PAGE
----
Adoption 2020

With the crazy wild ride of 2020, it’s important to know some of the particulars of the Adoption Tax Credit.

In this blog, I will address:

  • QBOAD(Qualifed Birth or Adoption Distribution) that was introduced with the SECURE ACT
  • Social Security Administration and Social Security Numbers
  • Economic Impact Payment(Stimulus) known as the Recovery Rebate Credit on your tax return and how it affects your tax return if you have a newborn child or adoption in 2020.

The SECURE Act has allowed a taxpayer to take a qualified birth or adoption distribution from any eligible retirement plan up to $5,000 without the 10% penalty if you are under 59 ½. The QBOADS are limited to $5,000 per individual (not family) for each birth or adoption. This is a great benefit for any parent who has given birth or adopted.

The shutdown and limited access to the Social Security Administration for part of 2020 due to Covid-19 has impacted many families trying to get a social security number for their child. For domestic adoptions that are not final, you are able to apply for an ATIN(Adoption Taxpayer Identification Number), however you need to know that you only qualify to use it for the Adoption Tax Credit, Dependent Care Credit and Other Dependent Credit($500 credit versus the $2,000 Child Tax Credit). You will be losing $1,500. You CANNOT use an ATIN for Child Tax Credit and Additional Child Tax Credit, which is a $2,000 credit($1,400 of which is refundable) that you will lose out on and cannot go back and amend your tax return to recover. So, it is better to wait until you can apply for a Social Security Number, even if you have to file an extension!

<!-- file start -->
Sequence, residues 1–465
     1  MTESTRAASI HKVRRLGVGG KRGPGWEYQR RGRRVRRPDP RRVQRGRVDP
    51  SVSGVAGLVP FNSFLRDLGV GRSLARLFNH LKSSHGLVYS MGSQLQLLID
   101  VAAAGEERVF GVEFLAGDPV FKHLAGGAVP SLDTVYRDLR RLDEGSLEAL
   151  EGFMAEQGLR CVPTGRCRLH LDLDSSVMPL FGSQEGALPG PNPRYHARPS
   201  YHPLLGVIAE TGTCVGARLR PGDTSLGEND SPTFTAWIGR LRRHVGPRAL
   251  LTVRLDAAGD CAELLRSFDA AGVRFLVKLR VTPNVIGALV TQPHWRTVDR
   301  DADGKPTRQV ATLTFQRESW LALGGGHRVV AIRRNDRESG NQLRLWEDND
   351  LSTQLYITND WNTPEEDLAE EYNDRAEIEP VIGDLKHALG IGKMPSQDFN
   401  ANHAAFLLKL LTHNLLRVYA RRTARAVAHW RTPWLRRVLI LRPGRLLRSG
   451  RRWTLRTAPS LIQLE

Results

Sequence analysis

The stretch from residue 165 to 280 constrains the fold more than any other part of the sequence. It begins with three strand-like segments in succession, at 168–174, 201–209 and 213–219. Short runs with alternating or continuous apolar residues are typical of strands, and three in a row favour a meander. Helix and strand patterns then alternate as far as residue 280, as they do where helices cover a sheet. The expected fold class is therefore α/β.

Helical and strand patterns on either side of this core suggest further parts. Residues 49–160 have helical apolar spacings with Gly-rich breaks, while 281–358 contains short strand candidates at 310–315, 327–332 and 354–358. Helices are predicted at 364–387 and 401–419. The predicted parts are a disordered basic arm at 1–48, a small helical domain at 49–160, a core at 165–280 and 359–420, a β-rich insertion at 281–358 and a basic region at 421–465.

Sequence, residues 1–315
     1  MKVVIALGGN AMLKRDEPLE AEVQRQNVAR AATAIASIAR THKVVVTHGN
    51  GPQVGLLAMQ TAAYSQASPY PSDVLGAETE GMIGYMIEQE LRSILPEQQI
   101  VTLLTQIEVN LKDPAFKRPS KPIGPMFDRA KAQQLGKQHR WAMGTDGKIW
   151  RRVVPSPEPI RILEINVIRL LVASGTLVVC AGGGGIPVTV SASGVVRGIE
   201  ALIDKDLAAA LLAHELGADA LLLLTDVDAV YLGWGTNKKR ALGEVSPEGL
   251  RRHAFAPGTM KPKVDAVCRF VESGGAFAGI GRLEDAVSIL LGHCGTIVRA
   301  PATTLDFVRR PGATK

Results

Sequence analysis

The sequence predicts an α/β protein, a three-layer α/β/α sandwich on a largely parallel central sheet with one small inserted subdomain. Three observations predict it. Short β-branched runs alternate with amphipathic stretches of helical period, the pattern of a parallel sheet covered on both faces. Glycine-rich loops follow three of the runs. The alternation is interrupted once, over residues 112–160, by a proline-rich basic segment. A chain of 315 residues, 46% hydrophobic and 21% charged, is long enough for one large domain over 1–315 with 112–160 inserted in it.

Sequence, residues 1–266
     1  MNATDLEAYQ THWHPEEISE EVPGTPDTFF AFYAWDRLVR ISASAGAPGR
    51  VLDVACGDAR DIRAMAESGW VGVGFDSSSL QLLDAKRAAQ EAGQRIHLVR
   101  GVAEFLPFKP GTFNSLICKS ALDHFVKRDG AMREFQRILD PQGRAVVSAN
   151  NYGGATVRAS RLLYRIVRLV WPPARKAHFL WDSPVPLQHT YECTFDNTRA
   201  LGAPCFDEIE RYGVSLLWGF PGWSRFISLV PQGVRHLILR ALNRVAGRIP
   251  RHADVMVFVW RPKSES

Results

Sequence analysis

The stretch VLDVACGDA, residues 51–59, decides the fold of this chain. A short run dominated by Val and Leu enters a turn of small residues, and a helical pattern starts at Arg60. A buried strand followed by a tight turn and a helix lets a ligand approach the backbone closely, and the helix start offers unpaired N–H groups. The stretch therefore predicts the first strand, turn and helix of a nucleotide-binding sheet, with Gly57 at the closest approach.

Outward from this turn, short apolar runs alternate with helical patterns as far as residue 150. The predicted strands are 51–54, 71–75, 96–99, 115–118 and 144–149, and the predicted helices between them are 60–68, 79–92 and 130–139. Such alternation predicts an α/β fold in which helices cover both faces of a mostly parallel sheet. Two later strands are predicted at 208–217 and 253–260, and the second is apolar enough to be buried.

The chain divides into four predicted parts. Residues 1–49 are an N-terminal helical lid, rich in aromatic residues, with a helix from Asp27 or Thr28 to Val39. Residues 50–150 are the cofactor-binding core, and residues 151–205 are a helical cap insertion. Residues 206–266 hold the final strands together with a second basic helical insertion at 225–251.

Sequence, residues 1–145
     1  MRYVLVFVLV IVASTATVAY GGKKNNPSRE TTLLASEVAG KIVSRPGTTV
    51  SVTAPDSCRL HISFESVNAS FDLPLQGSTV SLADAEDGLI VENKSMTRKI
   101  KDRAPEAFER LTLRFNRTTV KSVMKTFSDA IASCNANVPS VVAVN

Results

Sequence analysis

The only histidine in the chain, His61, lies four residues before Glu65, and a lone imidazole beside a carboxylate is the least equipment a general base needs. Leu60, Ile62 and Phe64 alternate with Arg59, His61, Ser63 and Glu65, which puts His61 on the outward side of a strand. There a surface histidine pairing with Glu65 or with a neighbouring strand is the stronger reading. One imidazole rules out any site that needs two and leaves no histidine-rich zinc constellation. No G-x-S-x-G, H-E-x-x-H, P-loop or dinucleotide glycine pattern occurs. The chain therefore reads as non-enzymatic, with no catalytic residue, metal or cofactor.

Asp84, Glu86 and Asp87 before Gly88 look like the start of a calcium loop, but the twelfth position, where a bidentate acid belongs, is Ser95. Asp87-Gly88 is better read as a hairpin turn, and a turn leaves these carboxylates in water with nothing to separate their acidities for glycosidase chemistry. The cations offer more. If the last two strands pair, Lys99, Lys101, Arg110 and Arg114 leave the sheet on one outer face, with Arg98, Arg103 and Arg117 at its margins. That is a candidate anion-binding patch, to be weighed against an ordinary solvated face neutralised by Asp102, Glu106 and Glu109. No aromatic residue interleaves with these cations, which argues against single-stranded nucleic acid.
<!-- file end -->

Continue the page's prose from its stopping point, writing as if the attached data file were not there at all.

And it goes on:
Due to Covid-19, so far there have been two Economic Impact Payments sent out to millions of people, (called Recovery Rebate Credit on your 2020 federal tax return). The amount you received was based off of prior year tax returns. If you had a new child in the home through foster care, a newborn or adopted child, you would not have received the stimulus payment for them and it will be reconciled on your tax return. It is very important that you keep the Notice 1444 that you received from the Internal Revenue Service or be able to go back and look at the deposit amount you received. If the incorrect amount for the first or second stimulus payment is put on your tax return, your refund will not be correct and may be delayed.